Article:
Interview: Brittnee Bond on Cultivating a Healthy Remote Work Culture and Avoiding Burnout

“And there’s a reason why [routine] is so important. It gives you control. It makes you feel like you have control of your own life.”

9 min readApr 26, 2022
Photo provided by Brittnee Bond

Brittnee Bond, Founder of Remote Collective, is an expert in remote working, coworking, co-living, and digital nomads. She believes remote work is no longer the future — it’s now — and has successfully transitioned hundreds of teams to working remotely over the past 10 years.

She has a background in corporate law and is always volunteering her time helping the local communities she passes through while traveling to over 50 countries.

Brittnee is also one of Remote’s top remote work influencers of 2022.

She is based in Thailand but has a consultancy in London and has been traveling the world for the last ten years.

We talked to Brittnee about cultivating a healthy remote work culture, listening to your intuition as a remote employee, and negotiating as a remote female professional.

Could you tell us a little bit more about what you’re working on right now?

I help companies transition to remote working from an operations perspective. So I go through and look at exactly how they do all of their work and I help them with their operations and procedures.

What I enjoy most is the cultural perspective. People switch from managing teams in an office to managing a remote team and they often think it’s the exact same culture. But it’s completely different.

I’ve been on both ends of this for many years. I have found the nuances of different ways to help people feel really good and connected in remote teams. The one thing I always encourage teams to do is to help their own employees have boundaries so they can get enough rest.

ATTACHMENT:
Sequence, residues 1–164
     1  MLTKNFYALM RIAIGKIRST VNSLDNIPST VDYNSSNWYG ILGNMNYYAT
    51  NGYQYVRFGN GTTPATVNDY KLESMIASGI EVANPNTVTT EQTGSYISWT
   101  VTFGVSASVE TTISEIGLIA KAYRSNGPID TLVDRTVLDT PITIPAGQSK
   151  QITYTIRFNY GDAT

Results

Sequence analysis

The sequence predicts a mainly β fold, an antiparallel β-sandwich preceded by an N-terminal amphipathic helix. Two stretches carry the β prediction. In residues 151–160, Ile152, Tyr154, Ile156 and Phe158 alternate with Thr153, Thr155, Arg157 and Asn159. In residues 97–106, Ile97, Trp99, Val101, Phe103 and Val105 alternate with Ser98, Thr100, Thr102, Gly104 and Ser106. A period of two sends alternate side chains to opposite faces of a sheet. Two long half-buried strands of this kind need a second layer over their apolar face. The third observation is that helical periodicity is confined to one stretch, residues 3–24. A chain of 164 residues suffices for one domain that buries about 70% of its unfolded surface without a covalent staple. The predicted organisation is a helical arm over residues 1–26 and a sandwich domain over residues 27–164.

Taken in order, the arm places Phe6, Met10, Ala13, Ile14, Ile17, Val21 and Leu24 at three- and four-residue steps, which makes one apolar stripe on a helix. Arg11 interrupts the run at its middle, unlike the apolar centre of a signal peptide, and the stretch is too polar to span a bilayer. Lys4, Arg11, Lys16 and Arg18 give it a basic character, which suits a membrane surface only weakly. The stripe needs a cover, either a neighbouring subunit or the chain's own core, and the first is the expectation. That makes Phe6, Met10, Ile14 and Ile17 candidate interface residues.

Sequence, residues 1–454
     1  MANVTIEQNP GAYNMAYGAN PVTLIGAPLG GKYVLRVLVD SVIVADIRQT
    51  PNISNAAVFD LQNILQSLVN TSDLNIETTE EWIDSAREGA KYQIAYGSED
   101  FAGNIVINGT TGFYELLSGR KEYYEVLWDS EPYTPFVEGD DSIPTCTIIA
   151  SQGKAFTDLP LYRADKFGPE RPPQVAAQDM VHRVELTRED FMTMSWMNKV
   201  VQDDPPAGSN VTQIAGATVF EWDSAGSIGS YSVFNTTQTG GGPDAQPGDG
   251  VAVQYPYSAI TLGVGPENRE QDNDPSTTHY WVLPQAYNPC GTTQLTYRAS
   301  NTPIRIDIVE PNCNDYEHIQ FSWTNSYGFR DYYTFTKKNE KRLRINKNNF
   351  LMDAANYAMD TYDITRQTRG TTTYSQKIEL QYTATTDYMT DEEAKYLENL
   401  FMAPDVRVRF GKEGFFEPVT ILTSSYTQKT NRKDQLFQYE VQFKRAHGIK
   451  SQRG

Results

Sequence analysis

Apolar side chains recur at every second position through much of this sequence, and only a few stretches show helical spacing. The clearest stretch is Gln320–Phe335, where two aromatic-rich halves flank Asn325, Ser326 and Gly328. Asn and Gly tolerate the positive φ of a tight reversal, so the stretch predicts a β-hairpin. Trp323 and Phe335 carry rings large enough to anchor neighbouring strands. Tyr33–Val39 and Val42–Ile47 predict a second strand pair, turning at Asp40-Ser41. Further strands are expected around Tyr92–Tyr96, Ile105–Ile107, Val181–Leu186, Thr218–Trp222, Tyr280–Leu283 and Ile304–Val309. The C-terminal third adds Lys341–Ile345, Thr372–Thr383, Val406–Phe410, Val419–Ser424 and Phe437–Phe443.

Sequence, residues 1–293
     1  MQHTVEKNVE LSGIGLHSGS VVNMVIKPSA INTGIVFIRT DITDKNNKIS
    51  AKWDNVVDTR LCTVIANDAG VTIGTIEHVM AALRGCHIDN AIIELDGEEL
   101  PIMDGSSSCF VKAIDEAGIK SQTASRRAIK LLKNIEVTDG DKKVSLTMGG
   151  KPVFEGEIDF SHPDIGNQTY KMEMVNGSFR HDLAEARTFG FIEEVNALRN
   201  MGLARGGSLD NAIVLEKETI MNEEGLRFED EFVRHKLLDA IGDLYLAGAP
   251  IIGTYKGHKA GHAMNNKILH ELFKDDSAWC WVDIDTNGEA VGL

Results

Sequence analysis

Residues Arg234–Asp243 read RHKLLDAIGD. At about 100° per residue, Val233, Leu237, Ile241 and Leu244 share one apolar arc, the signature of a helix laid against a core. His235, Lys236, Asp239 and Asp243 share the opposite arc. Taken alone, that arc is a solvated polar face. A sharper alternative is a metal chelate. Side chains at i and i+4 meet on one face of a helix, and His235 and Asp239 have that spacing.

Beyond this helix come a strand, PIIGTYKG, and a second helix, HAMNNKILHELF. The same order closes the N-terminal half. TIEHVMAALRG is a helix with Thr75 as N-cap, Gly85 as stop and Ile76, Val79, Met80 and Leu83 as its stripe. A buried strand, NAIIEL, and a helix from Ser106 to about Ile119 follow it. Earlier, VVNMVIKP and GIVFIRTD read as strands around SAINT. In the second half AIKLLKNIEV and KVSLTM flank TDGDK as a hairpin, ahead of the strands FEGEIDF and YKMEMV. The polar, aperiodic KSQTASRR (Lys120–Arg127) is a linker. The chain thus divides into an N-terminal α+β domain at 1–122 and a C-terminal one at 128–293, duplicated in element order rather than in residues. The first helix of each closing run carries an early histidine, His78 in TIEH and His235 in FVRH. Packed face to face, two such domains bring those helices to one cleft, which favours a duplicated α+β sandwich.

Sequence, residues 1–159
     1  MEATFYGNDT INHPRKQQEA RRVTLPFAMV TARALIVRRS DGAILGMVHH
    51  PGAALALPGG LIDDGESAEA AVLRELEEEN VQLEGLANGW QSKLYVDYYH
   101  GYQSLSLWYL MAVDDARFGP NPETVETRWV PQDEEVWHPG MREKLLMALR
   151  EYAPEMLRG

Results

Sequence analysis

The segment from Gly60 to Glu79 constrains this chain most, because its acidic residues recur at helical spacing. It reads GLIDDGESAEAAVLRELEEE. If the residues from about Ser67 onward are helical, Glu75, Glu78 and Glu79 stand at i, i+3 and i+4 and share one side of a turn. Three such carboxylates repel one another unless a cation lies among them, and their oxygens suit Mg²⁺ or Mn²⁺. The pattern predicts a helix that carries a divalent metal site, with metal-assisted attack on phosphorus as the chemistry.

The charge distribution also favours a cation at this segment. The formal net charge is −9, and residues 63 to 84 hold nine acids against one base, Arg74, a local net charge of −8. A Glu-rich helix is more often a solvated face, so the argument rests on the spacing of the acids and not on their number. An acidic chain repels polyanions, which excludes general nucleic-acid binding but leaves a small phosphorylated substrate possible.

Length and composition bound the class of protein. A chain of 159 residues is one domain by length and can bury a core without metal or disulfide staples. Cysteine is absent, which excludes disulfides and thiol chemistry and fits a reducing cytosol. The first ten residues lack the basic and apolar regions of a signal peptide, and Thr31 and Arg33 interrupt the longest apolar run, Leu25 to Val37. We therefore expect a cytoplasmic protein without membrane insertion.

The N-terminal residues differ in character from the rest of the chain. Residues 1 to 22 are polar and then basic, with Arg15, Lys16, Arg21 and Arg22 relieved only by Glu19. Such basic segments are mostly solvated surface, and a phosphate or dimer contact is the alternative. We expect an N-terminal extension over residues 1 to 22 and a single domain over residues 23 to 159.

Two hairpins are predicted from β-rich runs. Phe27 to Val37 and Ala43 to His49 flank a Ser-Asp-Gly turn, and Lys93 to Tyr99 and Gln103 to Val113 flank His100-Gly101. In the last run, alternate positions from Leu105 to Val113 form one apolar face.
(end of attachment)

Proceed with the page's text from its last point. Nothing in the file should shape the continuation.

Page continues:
What do you think a healthy remote work culture looks like?

To give you a little back story, my first time ever when I worked remotely myself was back in 2014. My background is in corporate law. I was helping the teams that I worked with go remote so I could work remotely.

When they finally let me, I moved to Costa Rica. I’d work off a laptop in a conference room. I couldn’t hear what anyone else was saying. I was this laptop head. And that’s how it felt for most of the time when I worked remotely.

I learned very quickly that effective remote working is about overcommunicating even during meetings. Act like the person isn’t there and fill them in. Tell them what’s happening, especially if there are side conversations going on.

From an emotional standpoint, you’ll also want to have more touchpoints. You’re not going to see them in the breakroom, so arrange 10 minute catch-up calls with individual team members.

That might not seem productive, but it sets everyone up for a productive week.

I’m all about wellness. Show people you care about them. Treat them with respect. Then your employees would do anything for you.

So it’s about promoting trust in the workplace?

So many times, leaders are thinking, how do we protect ourselves to make sure our employees are working?

And that’s wrong. You need to flip this mindset. You have to automatically give them trust. And then they’re going to do everything they can to keep that trust because they want to keep their job. If anything, you need to protect them.

A lot of the time, when people first experience remote work, they do not have boundaries for themselves around when they should take a break. They don’t understand the health and wellness aspect of remote work. This is something that I really work with managing teams on.

Not only do you need to trust them, you need to protect your employees. When people go into an office, their manager sees them, gives them a task, and they do it. This carried over from the industrial revolution when people worked at assembly lines.